Washington-based Adventurer Manufacturing Ltd., quality maker of the Adventurer and Eagle Cap truck camper brands, just launched a smaller and lighter brand of truck camper called the Scout and its first model, the Scout Olympic 6.5. According to the press release, this new an innovative truck camper is comprised of components that are completely detachable that can be used independently from the unit, redefining the possibilities and pushing the envelope of what a truck camper can be.
“Forward-thinking features have been carefully designed and selected to reflect Scout’s pioneering spirit,” said David Epps, CEO of Adventurer Manufacturing. “The unit’s components can be enjoyed ‘inside out,’ meaning the dining table, water storage, battery, and more optional features can be enjoyed outdoors and even taken on other expeditions without the camper itself. The exterior storage tray also doubles as a functional table-top letting users cook and spend more time outside.”
A highlight of Scout is its industry-first add-ons. These include a pop-up tent that increases the sleeping capacity by two that can be accessed from inside the camper, a Real Flame 4.5 btu propane fireplace, which provides ample warmth for winter use and travel, and removable camper jacks, which lower the travel weight and grant more maneuverability off-road.
With a dry weight of only 1,133 pounds, the Scout Olympic 6.5 has been designed to fit on half-ton pickup trucks, like the ever-popular Ford F-150, Toyota Tundra, Chevy Silverado 1500, and Ram 1500. Particularly noteworthy, is that the Scout Olympic can sleep up to six people, an unheard of number for a truck camper let alone a camper built for half-ton trucks. The starting price for the base model is only $19,980.
One of Scout’s main virtues is its simplicity inspired by nature. The unit requires very little energy to run and incorporates elements that make sustainable, off-grid travel possible. These elements include a gravity-fed water system, detachable water storage with filtration, a 160 watt monocrystalline solar panel, a lithium battery power station with a built-in inverter, and the aforementioned optional propane fireplace. Scout emphasizes the use of natural resources, letting users travel self-sufficiently without limits.
The Scout is a highly-customizable camper catered to adventurous families, freedom seekers, minimalist travelers, and outdoor enthusiasts. Millennials will find this brand particularly appealing. The brand was born as an alternative solution to the rigid and inflexible nature of traditional RVs like travel trailers, fifth wheels, and motorhomes. Unlike other types of RVs, these lightweight truck campers were built with simplicity and flexibility in mind along with portability, leading to a rig that can go where very few RVs can travel.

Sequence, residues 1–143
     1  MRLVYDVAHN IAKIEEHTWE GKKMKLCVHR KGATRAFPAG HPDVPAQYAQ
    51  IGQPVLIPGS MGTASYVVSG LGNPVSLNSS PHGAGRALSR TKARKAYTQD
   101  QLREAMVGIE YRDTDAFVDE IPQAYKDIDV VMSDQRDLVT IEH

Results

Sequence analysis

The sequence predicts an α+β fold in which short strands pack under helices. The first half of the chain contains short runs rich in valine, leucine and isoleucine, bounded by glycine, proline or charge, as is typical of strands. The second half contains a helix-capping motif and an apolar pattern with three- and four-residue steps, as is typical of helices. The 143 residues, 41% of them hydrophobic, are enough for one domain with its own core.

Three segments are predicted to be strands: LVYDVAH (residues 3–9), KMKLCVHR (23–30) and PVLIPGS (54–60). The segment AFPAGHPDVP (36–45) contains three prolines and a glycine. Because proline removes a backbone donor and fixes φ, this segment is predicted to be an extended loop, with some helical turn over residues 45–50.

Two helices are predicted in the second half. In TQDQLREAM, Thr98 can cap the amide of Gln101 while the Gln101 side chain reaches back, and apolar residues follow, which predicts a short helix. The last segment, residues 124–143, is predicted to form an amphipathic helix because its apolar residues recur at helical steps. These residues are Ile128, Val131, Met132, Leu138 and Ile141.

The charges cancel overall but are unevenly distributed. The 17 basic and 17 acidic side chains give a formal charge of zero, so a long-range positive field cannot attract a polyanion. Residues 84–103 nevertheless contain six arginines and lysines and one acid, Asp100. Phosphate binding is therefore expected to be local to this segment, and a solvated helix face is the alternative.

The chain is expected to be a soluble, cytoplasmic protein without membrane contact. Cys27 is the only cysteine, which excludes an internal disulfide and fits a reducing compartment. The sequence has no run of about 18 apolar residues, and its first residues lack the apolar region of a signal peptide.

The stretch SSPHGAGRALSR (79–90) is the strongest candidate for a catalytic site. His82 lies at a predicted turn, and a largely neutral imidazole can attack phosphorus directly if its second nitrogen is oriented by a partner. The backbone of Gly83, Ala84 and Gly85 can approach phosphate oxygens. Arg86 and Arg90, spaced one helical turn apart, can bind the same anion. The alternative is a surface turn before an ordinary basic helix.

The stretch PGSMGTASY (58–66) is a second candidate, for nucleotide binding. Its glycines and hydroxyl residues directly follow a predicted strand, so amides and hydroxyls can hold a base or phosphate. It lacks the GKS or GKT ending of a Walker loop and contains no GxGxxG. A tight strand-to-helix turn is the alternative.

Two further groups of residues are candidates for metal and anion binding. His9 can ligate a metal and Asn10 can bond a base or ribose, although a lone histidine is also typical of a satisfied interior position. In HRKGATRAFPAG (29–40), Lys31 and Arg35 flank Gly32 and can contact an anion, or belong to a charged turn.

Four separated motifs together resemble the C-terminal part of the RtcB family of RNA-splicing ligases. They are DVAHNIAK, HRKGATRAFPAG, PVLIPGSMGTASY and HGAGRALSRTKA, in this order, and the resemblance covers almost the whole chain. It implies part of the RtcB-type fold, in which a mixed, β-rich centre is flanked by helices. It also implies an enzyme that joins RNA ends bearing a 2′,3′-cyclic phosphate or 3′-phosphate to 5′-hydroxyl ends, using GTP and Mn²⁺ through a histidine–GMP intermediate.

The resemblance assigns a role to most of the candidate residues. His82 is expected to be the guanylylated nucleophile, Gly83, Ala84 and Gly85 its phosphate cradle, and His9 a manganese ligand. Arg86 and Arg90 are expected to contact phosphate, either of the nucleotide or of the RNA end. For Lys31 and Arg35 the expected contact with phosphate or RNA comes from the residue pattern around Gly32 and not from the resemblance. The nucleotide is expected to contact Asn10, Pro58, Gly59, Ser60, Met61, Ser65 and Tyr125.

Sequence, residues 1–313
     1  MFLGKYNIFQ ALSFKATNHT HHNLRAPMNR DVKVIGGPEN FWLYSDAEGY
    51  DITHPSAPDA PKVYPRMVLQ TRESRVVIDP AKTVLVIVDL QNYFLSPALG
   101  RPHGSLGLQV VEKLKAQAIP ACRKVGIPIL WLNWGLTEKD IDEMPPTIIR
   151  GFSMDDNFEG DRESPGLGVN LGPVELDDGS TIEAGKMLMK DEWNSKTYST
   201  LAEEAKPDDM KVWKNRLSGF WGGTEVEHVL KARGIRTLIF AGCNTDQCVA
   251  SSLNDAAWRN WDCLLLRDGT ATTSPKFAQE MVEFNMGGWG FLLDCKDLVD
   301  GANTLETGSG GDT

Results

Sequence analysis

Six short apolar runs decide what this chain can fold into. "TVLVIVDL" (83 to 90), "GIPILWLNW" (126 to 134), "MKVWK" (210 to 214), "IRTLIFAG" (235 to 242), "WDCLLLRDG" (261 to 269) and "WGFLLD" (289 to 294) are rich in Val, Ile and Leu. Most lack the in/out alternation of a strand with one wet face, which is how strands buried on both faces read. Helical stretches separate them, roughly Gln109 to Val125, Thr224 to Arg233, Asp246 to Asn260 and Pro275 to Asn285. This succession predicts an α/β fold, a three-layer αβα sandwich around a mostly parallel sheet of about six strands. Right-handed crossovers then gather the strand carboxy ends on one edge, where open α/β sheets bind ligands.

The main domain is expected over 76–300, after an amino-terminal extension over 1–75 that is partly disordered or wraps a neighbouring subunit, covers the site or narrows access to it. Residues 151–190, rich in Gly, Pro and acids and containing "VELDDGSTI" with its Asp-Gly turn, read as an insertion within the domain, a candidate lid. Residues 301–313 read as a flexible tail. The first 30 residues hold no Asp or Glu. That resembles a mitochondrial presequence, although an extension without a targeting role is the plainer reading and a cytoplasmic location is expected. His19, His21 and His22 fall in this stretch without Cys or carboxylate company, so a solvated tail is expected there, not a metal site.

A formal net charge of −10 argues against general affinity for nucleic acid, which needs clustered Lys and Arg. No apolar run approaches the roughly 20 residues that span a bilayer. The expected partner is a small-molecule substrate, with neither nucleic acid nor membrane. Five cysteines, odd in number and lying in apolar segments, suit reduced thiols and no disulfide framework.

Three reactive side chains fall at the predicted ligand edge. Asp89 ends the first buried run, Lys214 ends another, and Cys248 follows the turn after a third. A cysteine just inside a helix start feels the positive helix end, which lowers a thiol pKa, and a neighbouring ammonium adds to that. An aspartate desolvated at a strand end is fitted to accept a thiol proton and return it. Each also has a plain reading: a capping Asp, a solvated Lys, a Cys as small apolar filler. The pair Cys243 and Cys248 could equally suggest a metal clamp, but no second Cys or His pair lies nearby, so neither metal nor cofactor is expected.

Adventurer Manufacturing has ensured its high-quality standards have been passed down to Scout, which includes the company’s three-year structural warranty. Scouts are built of a lightweight, no-wood, no-rot composite construction. They are built to endure the most extreme elements and last for generations.
Later this year, Scout will be launching two more models to accommodate other trucks—the Kenai and the Yoho. The Kenai will be the biggest of the fleet, and will offer a full-size bathroom, wardrobe, and more exterior storage. The Yoho will be the smallest and lightest, made especially for mid-size trucks like the Toyota Tacoma and Ford Ranger. Both will honor the simplistic, versatile nature that Scout as a brand represents.
For more information about the Scout Olympic 6.5, please visit www.scoutcampers.com. For more information on Adventurer Manufacturing other brands of truck campers, including the Adventurer, Eagle Cap, and Overlander, please visit the company’s website at www.amlrv.com. The Scout brand is also available at top dealerships nationwide.
My previous comment was inaccurate. According to the brochure “It can sleep up to 6 individuals, support off-grid travels, requires little energy to operate, and fits mid-sized import and domestic trucks”. The truck in the article and brochure is a Tundra.